This may sound somehow negligible, but remember Foul Play and their to-the-point, rhythmically obsessed remixes of Omni Trio and Hyper-On Experience: this is the vibe that Dubplate Wonder inhibits, taking his productions ever deeper into the rhythmic foliage of funky's horizon of possibility, and further and further from any other possible mode of understanding. For instance his remix of Diamond's swirly, sweet-toothed "I Think I'm In Love With You" sounds as if it's being played underwater, so thick, so viscous and amniotic are the layers of bass and so lost-in-the-detail are the odd, hyperactive trebly synth patterns that might otherwise provide the hook. Wonder doesn't despise hooks by any stretch, but you get the impression that when it comes to arranging the elements in his tunes they're first among equals at best; the groove is the thing, and if you don't intuitively get the groove, don't feel the drums sing under your skin, well, what are you doing listening?
I've written about remixes of course because I can identify some of them; there are so many tunes that are simply unknown grooves, like the whistle-tune that samples TNT's "Rhumba" and features "Grindin" style backfiring noises at the end of each measure, not obviously life-changing like a good Ill Blu tune and yet hypnotically involving, a groove whose dovetailing iterations seem to conceal and only obliquely disclose a wealth of detail and mystery. Or there's the one with woodblock beats and flighty synth-strings and high-pitched bassline that sounds like it's being played on some sickly, warped glockenspiel. Or the frantic and yet oddly melancholy MC track with the ragga chat "what you know about Wonder? Bloodclaat know about Wonder??" Or that staccato string riff track, like an even more alien, evil-intentioned take on D-Malice's "Gabryelle Refix", its beats and serrated bass pulses swarming like an army of giant insects with sharpened mandibles. Or his own siren tune, closer to Ill Blu's "Blu Magic" than "Sirens", only with beats like high heels stomping on a dancefloor that are all his own.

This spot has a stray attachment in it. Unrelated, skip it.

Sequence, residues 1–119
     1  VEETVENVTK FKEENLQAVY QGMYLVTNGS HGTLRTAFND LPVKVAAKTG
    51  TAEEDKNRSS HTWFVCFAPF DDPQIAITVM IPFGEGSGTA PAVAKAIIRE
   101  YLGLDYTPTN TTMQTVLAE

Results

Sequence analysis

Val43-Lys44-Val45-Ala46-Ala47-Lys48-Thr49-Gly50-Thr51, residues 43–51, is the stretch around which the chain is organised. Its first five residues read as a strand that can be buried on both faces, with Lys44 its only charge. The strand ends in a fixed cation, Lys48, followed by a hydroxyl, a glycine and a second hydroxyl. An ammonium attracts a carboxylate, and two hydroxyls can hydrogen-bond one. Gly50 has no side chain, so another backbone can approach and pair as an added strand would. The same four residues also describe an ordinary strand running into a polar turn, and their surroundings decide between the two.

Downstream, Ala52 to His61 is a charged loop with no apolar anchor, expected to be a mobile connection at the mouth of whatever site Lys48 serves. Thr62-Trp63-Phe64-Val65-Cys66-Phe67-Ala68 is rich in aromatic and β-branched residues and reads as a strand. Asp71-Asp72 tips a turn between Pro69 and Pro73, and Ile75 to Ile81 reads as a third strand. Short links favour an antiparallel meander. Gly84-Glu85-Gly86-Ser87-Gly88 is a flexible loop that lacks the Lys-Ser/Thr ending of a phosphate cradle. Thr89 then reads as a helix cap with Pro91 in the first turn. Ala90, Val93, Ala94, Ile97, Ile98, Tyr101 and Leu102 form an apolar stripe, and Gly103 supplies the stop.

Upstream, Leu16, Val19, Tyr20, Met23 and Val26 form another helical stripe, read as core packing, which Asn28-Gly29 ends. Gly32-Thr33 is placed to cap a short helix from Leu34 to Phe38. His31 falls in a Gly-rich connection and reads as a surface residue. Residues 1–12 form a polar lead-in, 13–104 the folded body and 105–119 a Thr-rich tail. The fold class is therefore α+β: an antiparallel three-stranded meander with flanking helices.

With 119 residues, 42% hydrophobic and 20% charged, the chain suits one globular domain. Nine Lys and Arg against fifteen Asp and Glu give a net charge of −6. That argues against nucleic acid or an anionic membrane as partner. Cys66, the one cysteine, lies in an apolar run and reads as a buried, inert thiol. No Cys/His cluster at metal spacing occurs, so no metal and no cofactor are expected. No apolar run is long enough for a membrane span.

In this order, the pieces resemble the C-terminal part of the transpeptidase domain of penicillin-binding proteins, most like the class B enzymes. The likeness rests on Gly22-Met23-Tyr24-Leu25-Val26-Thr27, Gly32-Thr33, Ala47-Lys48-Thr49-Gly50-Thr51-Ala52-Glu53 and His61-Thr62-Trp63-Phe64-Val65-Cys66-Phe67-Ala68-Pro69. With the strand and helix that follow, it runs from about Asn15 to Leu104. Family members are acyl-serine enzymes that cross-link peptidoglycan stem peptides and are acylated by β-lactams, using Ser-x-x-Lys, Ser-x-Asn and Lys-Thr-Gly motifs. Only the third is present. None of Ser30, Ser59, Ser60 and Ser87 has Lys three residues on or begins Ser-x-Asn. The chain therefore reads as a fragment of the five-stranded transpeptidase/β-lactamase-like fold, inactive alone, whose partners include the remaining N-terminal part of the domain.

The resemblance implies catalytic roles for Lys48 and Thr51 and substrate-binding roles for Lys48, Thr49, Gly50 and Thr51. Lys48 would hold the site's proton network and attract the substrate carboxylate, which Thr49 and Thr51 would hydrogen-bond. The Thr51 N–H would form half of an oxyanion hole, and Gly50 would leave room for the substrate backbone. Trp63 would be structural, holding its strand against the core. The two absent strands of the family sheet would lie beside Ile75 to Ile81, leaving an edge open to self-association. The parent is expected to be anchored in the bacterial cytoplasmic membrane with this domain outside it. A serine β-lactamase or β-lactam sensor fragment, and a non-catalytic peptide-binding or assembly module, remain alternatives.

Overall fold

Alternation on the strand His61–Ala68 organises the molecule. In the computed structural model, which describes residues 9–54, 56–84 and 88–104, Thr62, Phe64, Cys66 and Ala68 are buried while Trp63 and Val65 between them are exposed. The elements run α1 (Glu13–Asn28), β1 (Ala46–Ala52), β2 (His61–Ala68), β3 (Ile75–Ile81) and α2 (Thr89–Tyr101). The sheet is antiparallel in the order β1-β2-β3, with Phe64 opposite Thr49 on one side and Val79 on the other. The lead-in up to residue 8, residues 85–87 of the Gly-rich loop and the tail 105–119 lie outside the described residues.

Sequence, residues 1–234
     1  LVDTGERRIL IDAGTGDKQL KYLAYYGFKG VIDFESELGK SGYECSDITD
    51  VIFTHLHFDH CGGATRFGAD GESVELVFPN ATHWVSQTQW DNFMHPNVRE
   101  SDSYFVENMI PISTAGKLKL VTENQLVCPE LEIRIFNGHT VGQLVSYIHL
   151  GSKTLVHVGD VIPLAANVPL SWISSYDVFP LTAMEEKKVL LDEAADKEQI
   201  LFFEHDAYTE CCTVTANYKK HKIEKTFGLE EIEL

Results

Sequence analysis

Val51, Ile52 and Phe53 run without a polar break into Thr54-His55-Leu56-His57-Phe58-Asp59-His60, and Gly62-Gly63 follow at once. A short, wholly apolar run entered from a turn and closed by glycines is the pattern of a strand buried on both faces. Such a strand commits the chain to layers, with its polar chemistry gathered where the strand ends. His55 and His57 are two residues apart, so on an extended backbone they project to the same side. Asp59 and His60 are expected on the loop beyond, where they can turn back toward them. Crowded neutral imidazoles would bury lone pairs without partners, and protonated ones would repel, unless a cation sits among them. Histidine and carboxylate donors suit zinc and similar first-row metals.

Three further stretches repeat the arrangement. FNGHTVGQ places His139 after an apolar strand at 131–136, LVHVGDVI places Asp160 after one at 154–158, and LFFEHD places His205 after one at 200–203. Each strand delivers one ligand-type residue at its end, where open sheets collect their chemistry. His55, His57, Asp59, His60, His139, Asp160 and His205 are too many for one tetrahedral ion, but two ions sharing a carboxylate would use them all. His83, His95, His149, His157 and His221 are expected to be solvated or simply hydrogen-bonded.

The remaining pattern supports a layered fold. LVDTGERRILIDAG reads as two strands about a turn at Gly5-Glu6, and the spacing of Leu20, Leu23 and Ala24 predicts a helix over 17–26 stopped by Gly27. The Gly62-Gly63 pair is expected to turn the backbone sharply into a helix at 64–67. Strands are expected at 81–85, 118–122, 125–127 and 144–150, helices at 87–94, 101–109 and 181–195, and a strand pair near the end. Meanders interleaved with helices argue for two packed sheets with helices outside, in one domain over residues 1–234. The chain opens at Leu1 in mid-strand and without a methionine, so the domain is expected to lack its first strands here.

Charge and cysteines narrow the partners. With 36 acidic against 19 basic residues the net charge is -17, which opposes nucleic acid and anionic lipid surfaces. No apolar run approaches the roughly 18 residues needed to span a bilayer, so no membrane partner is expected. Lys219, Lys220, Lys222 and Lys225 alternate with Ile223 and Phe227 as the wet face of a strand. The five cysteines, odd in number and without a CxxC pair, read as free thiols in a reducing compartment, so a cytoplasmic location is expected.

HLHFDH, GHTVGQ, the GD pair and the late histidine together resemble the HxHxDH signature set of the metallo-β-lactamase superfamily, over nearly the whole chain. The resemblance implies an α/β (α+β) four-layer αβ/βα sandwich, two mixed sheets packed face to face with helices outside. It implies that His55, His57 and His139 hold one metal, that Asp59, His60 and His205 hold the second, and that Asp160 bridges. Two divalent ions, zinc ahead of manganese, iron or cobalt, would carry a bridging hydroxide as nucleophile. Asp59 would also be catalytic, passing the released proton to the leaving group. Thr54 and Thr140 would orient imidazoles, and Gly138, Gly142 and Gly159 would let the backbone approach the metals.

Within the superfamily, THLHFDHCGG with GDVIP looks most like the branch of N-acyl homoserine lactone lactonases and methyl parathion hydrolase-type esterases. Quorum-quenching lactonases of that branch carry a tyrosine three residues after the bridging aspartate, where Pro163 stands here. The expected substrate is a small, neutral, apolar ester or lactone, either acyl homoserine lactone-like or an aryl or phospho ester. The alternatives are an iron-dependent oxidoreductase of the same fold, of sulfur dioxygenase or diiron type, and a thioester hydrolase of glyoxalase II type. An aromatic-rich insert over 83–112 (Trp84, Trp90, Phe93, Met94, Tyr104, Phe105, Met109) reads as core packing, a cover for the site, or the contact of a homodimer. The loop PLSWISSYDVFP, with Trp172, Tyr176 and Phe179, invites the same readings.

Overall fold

You should track down his Wonderland '09 mix of his own productions, recorded at the beginning of the year. If any other producer recorded such a mix, in any other moderately in-vogue dance genre, you'd see excited artist profiles, formally commissioned podcast sets, breathless whispers that this guy was "the one to watch". The feel of listening to these 24 track in succession is curious for a funky set: the words that spring to mind are "enveloping" and "entrancing", notwithstanding the sudden eruptions of hyperactive drum patterns or evil-sounding bass. It's this dreamlike quality that makes me think of Jam City, or Cooly G for that matter, and wonder (no pun intended) at the media black hole which seems to engulf this producer by comparison, especially given he doesn't at all appear shy about pushing and promoting his own productions.
The only explanation I can think of is the one I offered upthread - that Wonder is too resolutely funky-qua-funky to be of much interest to anyone not closely following the scene itself, an occupation whose difficulty and (at times) perversity requires a certain religious zeal at any rate. But this mix - always astonishing me when I return to it with its range, its inventiveness, its nuance, its sheer quality - ought to inspire a certain religiosity in and of itself. Maybe the absence of critical hosannas so far is due to a simple oversight - if so, here's your chance to address it: any media types reading this, you can steal this idea for an "emerging artist" profile, and anything else in this piece, lock stock and barrel; I promise I'll be so pleased that I won't even think to gripe.